Whitelist/verification spam filters

Fernando Pereira pereira at cis.upenn.edu
Wed Aug 28 15:29:42 CEST 2002

On 8/27/02 9:28 PM, in article
slrnamo9p8.7q8.gerhard.haering at lilith.my-fqdn.de, "Gerhard Häring"
<gerhard.haering at gmx.de> wrote:

> Fernando Pereira wrote in comp.lang.python:
>> Gerhard wrote:
>>> Hoops? Takes me at most one second.
>> I would guess it's a minute or more.
> You get the TMDA answer that you have to hit reply (or enter some key
> combination in a /real/ MUA ;-) and just do that. The person you sent
> mail to will then be able to see the original mail you sent to
> him/her. I don't see how this will take a minute or two of your time.
Looking at *any* message to decide what do do with it takes much more than
one second. I'll have to think "What is this? Is it spam or some kind of
joke? Oh, I see. Do I want to put up with this silliness? Maybe. OK, let me
reply". One second, no way.
>> Add all those minutes over the legitimate new email senders over a
>> period of time, and you are talking about a significant burden shift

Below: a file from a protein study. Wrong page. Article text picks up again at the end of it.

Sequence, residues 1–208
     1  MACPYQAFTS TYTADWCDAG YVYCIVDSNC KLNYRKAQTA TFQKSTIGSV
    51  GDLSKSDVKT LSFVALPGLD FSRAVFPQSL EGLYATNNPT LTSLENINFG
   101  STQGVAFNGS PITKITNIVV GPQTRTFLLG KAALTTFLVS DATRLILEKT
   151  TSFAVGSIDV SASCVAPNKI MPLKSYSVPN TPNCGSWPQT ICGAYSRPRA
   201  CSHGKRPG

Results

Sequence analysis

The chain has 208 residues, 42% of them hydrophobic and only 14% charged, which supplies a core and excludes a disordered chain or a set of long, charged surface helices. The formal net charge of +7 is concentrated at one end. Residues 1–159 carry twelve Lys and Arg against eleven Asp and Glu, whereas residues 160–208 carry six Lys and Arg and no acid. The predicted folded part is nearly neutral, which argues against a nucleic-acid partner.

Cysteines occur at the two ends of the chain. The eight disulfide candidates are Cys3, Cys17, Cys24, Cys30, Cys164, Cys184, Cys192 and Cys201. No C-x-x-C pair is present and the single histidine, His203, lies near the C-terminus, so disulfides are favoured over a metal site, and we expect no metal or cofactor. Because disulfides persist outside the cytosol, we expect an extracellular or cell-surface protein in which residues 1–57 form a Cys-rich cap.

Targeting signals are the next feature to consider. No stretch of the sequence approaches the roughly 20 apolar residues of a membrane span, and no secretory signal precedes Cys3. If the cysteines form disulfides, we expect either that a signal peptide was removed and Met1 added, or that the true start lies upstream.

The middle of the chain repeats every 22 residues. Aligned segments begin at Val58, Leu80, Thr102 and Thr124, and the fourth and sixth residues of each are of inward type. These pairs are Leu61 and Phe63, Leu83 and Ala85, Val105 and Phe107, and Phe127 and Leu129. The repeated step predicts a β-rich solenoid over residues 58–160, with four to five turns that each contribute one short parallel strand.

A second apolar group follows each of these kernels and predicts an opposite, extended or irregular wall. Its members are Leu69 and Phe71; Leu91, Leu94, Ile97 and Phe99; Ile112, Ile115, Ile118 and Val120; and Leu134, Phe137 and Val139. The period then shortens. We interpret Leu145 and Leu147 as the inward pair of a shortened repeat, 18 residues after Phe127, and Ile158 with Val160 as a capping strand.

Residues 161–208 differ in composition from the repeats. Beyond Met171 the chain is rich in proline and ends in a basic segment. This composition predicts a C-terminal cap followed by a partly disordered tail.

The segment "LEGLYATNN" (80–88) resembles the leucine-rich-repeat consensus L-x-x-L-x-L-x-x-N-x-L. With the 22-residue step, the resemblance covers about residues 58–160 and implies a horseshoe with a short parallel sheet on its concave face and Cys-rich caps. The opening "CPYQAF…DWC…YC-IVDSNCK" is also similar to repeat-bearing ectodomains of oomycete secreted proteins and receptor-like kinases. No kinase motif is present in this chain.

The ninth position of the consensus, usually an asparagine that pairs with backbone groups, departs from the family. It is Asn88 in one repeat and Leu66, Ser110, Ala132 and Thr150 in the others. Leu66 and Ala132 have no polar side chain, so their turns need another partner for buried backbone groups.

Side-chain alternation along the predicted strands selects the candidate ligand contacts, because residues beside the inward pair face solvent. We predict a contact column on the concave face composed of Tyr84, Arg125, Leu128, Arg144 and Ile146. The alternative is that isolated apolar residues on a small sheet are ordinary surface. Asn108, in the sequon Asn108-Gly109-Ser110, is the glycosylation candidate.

>> from the recipient to the community of legitimate senders.
> There is a burden shift, but I'd not call it significant. If you want
> to blame somebody
I don't want to blame anybody. I didn't. I just pointed out that there is a
burden shift. Its magnitude is an empirical question. But let me quote from
another area, traffic, in which similar problems arise (Wolfgang Sachs in
"For the Love of the Automobile", quoted in a good Malcolm Gladwell article
in the Sep 2 02 issue of the "New Yorker"): "Once a certain traffic density
is surpassed, every driver contributes involuntarily to the slowing of
traffic. The time that the individual driver steals from all the others by
slowing them down is greater many times over than the time he or she might
have hoped to gain by taking the car."

-- F

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